The success of a school garden is largely dependent on whether or not the students feel and know that they were instrumental in creating it . . . and to feel that, every student needs to get their hands dirty. School gardens are about much more than just growing food — they are about connecting children with their ecosystem, cultivating a sense of stewardship, instilling a sense of place, fostering social development and teamwork, promoting a healthy lifestyle . . . the list goes on. New studies are being published almost every day about how school gardens improve academic achievement in ways we are only beginning to understand.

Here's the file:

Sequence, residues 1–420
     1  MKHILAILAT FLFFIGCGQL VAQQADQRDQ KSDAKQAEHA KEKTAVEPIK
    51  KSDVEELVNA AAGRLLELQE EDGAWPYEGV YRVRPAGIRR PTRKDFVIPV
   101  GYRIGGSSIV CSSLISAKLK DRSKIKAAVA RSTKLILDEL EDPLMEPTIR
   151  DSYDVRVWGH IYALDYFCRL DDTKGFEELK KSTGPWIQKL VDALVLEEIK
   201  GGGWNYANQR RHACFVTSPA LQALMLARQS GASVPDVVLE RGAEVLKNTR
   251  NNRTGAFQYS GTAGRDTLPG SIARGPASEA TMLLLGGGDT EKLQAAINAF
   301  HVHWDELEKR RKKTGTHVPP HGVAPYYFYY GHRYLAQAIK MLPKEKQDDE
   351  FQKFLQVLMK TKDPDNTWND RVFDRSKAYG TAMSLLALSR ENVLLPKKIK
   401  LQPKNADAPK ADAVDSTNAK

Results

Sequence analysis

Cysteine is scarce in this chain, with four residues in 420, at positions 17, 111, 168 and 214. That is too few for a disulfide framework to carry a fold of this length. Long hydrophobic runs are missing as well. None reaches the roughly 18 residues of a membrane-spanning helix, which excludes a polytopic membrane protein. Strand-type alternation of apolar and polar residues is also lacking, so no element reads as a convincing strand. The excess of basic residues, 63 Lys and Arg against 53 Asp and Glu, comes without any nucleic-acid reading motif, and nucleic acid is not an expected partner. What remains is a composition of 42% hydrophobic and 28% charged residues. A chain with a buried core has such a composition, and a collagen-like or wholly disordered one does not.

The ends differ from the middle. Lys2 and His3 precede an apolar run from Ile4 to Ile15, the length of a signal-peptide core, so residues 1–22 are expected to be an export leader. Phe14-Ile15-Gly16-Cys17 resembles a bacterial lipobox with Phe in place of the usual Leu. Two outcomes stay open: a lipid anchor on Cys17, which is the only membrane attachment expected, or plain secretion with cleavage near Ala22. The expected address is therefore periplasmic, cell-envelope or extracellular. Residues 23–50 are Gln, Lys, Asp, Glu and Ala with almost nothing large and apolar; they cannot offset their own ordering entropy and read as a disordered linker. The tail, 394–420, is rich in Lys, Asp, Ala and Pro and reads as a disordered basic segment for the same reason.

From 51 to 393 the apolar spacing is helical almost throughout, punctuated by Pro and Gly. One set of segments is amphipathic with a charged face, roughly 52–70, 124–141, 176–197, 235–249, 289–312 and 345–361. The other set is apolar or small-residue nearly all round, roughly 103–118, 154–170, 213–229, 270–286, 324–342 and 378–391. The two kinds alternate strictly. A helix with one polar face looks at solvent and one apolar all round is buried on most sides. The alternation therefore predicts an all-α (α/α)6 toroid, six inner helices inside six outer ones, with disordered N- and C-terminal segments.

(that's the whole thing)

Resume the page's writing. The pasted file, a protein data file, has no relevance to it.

Over the last 3 weeks all of our students have had a hand in helping our garden grow. We’ve been hauling bin after bin of mulch up from the lower lot to the garden, laying down landscaping fabric, and spreading the mulch with shovels. We are about ready to start in on the other side near the Willow Tunnel next week. Then comes the Dyeing Plant Spiral which will be used in conjunction with our Handwork Curriculum. Check out the photos below: